The following are some guiding questions that one can ask about great works of literature. Be familiar with the following types of questions and feel free to incorporate some of them in your discussion of literature.
1. What feelings did the work awaken in you?
2. What did you see happening? Paraphrase it: retell the event briefly.
3. What line could you write a response to?
4. What image or images were called to mind?
5. What memory does the work call to mind--of people, places, events, sights, smells, or even, perhaps, feelings or attitudes?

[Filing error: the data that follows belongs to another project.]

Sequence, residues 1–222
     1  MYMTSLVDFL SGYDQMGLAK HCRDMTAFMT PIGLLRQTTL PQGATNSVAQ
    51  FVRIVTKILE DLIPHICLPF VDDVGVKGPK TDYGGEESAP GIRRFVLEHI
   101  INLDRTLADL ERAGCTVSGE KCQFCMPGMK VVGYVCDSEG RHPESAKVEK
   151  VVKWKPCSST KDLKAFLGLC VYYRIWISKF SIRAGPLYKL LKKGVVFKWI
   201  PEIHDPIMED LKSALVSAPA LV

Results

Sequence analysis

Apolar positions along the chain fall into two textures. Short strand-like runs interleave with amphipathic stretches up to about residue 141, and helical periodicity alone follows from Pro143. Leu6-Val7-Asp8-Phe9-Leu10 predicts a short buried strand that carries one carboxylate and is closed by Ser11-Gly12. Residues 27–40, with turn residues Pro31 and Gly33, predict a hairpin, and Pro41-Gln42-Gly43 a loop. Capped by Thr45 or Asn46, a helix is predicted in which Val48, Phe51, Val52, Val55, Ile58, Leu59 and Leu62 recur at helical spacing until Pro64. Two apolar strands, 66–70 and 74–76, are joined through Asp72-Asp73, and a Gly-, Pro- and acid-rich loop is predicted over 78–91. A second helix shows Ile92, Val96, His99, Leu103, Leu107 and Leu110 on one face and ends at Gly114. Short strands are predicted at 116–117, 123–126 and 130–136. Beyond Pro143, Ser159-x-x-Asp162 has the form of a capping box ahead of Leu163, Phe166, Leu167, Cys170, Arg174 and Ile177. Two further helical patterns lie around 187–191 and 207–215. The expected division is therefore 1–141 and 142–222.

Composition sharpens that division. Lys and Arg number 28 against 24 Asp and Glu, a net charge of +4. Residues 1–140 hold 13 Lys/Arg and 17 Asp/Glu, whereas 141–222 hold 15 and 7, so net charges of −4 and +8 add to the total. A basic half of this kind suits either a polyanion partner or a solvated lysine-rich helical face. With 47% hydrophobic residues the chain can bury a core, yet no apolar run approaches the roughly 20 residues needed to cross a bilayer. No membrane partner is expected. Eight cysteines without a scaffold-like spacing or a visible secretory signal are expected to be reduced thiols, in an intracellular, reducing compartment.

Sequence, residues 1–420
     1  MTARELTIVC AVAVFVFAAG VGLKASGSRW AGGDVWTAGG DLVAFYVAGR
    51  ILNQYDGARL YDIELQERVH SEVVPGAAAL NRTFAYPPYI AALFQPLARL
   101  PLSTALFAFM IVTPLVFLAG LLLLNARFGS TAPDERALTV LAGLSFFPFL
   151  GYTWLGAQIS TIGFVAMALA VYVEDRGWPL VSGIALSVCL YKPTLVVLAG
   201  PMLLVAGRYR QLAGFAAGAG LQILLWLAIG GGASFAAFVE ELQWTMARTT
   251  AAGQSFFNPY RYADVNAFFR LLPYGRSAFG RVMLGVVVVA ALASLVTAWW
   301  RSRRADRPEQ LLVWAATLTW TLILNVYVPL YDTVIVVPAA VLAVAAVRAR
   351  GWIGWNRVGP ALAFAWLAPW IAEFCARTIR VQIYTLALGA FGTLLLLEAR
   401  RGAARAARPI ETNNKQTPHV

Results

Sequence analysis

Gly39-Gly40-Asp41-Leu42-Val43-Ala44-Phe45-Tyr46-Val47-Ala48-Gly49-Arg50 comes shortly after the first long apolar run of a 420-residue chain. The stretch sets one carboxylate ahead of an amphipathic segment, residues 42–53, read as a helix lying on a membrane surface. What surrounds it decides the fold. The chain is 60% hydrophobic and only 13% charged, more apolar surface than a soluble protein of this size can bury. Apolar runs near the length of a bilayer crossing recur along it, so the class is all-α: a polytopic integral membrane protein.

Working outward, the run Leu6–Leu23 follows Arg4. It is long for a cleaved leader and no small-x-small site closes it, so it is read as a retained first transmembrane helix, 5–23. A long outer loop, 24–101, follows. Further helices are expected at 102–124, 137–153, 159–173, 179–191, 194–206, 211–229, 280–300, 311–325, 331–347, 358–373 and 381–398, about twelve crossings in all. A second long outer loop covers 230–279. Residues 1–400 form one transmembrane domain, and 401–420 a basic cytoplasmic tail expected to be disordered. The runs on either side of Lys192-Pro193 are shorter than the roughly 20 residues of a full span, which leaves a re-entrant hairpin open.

6. What main idea is suggested?
7. Upon what, in the text, did you focus most intently as you read?
8. What is the most important word in the passage or work?
9. What is there in the text that you have the most trouble understanding?
10. What sort of person do you imagine the author of this work to be?
11. Did you respond emotionally or intellectually to this work of literature? Explain.
12. Did you feel involved with or distant from the work? Explain.
13. Does this work call to mind any other literary work--poem, play, film, story? If so, what connections do you see between them?
14. If you were asked to write about your reading of this work, upon what would you focus--some personal association or memory, some aspect or the work itself, about the author, or about some other matter? Explain.
Questions designed by Robert Probst, Georgia State University